Last week, more than a hundred Nigerian students, girls between 15 and 18 years of age, were kidnapped by the al Qaeda-affiliated terrorists of Boko Haram. Most of the girls are still being held. That should be a big story, don’t you think?
Few major-league journalists do. The U.N. has not been moved to rhetoric, much less action. American and European feminists haven’t mobilized. As I write this, the abductions are not featured on the websites of Amnesty International or Human Rights Watch. “In the News” on the Congressional Black Caucus’ website one finds instead: “Black lawmakers appeal to Pentagon over hairstyle ban.”
What’s the explanation for such widespread lack of interest? Is it because Africa – even Nigeria, the continent’s most populous country with what this year became its largest economy – seems remote? Is it because those who have declared the “Global War on Terrorism” over are loath to call attention to yet another active battlefield? Is it because acknowledging that self-declared Islamic jihadists are persecuting “infidels” in a growing list of countries would shatter the fashionable, multicultural Western world view?
Some details of the attack: In the wee hours of April 14, a convoy of about 60 trucks and motorcycles arrived at the Government Girls Secondary School (GGSS) in Chibok, Borno State, in northeastern Nigeria.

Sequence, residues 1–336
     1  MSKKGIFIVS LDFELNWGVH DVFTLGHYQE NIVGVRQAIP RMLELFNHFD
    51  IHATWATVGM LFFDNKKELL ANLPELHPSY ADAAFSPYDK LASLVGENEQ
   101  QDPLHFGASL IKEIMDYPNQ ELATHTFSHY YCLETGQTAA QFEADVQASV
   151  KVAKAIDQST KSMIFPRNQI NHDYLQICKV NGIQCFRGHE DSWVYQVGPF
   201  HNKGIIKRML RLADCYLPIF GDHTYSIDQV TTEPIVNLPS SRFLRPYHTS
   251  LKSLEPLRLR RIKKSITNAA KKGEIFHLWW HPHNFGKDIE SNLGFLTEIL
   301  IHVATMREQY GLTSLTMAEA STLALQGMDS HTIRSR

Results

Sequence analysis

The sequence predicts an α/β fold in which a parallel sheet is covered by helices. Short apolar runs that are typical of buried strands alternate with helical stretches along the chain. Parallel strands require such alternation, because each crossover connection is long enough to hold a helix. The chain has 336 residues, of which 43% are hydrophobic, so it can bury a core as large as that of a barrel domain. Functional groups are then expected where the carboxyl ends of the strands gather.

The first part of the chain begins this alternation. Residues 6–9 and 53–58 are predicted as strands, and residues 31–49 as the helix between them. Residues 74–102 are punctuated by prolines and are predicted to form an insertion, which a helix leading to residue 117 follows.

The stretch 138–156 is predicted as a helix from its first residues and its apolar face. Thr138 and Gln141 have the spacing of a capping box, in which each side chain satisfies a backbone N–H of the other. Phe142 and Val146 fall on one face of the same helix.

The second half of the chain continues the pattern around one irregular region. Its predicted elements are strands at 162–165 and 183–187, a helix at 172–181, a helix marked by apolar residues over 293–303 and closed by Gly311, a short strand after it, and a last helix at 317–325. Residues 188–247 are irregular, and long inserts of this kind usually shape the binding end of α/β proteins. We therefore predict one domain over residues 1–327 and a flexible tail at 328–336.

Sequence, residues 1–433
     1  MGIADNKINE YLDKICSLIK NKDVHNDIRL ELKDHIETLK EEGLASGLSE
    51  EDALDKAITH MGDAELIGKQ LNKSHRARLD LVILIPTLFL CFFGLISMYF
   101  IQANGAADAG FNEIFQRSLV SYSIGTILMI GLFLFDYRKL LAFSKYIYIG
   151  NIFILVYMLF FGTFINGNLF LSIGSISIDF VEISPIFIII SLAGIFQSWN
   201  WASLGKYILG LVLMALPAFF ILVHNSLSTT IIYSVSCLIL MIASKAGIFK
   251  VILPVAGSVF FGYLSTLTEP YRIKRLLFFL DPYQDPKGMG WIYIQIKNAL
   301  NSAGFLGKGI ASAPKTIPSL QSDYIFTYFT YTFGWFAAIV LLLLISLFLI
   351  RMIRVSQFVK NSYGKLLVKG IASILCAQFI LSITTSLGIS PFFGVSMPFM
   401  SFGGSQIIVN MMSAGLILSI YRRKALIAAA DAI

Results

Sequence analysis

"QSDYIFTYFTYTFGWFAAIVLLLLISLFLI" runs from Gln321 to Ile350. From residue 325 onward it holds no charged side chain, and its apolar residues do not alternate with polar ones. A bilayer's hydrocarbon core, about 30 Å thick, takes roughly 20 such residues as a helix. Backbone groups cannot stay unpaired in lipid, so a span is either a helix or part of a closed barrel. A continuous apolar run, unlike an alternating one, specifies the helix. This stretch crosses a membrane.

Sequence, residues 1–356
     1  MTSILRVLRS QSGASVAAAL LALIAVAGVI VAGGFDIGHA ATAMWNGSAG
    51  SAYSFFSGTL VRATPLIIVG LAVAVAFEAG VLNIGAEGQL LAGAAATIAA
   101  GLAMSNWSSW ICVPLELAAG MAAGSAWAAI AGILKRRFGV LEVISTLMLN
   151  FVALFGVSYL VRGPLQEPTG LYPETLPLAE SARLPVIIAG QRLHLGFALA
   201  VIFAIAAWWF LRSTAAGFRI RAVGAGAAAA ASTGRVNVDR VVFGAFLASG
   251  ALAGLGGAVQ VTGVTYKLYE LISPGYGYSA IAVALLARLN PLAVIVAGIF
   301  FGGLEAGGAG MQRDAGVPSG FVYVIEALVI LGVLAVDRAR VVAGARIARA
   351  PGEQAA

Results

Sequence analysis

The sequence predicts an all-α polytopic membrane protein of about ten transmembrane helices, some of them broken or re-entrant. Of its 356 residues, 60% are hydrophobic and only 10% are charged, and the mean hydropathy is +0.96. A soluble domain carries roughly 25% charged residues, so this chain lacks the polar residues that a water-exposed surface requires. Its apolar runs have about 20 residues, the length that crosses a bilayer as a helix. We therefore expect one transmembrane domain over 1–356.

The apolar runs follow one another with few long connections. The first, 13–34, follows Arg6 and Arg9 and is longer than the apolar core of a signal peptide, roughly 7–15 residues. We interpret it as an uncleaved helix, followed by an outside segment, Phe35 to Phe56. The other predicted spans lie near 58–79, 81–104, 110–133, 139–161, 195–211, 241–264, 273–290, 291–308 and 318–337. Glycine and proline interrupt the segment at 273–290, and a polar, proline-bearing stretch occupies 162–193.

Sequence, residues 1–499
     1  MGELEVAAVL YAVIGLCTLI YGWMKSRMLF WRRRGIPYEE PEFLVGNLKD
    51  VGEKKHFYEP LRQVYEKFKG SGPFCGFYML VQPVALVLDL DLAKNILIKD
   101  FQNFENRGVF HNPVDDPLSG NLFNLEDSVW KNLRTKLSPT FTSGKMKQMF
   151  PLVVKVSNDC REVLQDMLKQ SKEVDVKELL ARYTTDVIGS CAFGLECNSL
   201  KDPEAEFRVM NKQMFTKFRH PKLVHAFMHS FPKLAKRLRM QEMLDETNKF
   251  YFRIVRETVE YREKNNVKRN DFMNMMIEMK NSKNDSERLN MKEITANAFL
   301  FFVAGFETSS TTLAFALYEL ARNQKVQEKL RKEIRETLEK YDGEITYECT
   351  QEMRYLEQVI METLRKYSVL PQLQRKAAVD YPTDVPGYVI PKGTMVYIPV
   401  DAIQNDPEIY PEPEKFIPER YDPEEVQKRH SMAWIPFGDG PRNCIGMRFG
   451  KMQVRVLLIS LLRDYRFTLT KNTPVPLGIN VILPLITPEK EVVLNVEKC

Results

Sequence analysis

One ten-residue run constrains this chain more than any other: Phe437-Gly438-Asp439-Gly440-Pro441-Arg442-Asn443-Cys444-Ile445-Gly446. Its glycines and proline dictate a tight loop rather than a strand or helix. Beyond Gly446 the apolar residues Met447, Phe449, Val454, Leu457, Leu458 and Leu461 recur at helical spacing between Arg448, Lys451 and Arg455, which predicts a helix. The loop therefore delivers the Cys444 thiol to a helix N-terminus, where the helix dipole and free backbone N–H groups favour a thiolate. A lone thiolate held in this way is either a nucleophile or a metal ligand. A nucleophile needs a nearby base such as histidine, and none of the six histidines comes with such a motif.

Boko Haram has long been active in this area. Indeed, in early March there had been a state-wide school closure because of the threat posed by the Islamist terrorist group whose name means “Western education is forbidden.” In recent days, however, schools re-opened to allow students to take examinations and earn certificates that would make it easier for them to find jobs.
According to some reports, the terrorists were disguised as soldiers, and told the students, mostly Christians, that they were in danger and must leave their dorms quickly; the trucks would take them to safety. According to other reports, the students were forcibly herded into the vehicles after a gun battle with school security guards, two of whom were killed.
The motorcyclists accompanying the trucks into the bush prevented the girls from jumping out. A few managed to escape anyway after the vehicles in which they were riding broke down.
As I write this, it appears that between 20 and 40 of the 107 kidnapped girls have managed to get away.
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